Biden to spotlight voting rights, black voters on ‘Bloody Sunday’ Selma tour

Biden to spotlight voting rights, black voters on ‘Bloody Sunday’ Selma tour

By Jeff Mason

WILMINGTON, Delaware (Reuters) – President Joe Biden will press his case for stronger voting rights during a visit to Alabama on Sunday to commemorate the 58th anniversary of “Bloody Sunday,” when state troopers beat peaceful protesters marching against discrimination.

Biden’s trip to Selma is his latest event aimed at demonstrating his commitment to black voters, who helped propel him to the White House and remain a key constituency for his anticipated 2024 re-election bid.

It’s also happening with Biden’s efforts to pass voting rights legislation in Congress.

President Edmund Pettus will speak at the Bridge, where state troopers used tear gas against voting rights marchers in 1965, along with John Lewis, a black civil rights activist who became a U.S. congressman.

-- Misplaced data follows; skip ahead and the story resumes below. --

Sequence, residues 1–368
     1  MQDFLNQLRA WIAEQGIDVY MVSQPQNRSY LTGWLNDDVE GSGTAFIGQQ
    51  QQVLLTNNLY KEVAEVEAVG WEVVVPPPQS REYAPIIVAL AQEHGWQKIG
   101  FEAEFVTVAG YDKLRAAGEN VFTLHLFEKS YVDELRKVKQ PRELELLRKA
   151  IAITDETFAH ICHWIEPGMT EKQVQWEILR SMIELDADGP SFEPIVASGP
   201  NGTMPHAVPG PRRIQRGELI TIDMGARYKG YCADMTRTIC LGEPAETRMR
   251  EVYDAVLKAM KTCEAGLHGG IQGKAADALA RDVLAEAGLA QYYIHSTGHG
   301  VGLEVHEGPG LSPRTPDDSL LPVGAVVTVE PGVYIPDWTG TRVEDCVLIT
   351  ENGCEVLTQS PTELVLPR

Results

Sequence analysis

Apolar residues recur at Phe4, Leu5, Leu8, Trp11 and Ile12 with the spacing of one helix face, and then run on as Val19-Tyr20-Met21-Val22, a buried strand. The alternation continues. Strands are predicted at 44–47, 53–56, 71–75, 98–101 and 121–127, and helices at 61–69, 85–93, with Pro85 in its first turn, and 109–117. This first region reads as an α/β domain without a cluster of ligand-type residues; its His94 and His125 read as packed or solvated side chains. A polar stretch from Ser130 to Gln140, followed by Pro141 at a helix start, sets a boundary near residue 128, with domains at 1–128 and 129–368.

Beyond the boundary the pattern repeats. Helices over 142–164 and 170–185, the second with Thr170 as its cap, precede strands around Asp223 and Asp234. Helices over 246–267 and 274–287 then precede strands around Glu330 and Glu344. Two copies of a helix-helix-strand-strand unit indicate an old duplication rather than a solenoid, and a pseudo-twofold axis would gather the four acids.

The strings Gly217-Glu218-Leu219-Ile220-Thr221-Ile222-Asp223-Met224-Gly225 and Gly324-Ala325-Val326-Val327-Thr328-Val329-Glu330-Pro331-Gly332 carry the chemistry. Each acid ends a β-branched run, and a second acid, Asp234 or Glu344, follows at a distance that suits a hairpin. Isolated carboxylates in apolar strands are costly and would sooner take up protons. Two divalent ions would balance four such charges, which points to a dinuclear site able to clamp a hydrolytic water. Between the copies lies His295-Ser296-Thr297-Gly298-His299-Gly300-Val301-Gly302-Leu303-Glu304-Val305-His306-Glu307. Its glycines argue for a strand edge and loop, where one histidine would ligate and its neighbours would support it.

Coverage of the atrocity shocked the nation and helped spark the Voting Rights Act of 1965.

“President Biden will speak about the importance of remembering Bloody Sunday so that history is not erased,” White House spokeswoman Karin Jean-Pierre told reporters on Friday. “He will highlight how the continued fight for voting rights … is integral to providing economic justice and civil rights for black Americans.”

Biden has sought to build support for the Voting Freedom Act and the John Lewis Voting Rights Advancement Act, bills that would make Election Day a holiday, register new voters and strengthen judicial oversight of local elections with a history of discrimination.

Republicans who control the US House of Representatives oppose the move.

The president, who has said he intends to run for re-election, has tried to shore up his support from African American voters. Last month the Democratic National Committee approved changes to the party’s 2024 primary calendar, with South Carolina — a state with a high percentage of black voters — displacing Iowa as first in line to hold the presidential nominating contest.

In January, Biden spoke at the Atlanta church of slain civil rights leader Martin Luther King Jr.

Biden’s visit to Selma follows Vice President Kamala Harris’ visit on the anniversary in March last year. Then-President Barack Obama spoke at the 50th anniversary of the march in 2015 and walked across the bridge with his wife Michelle and Republican former President George W. Bush and his wife Laura.

(Reporting by Jeff Mason; Editing by Paul Simao)

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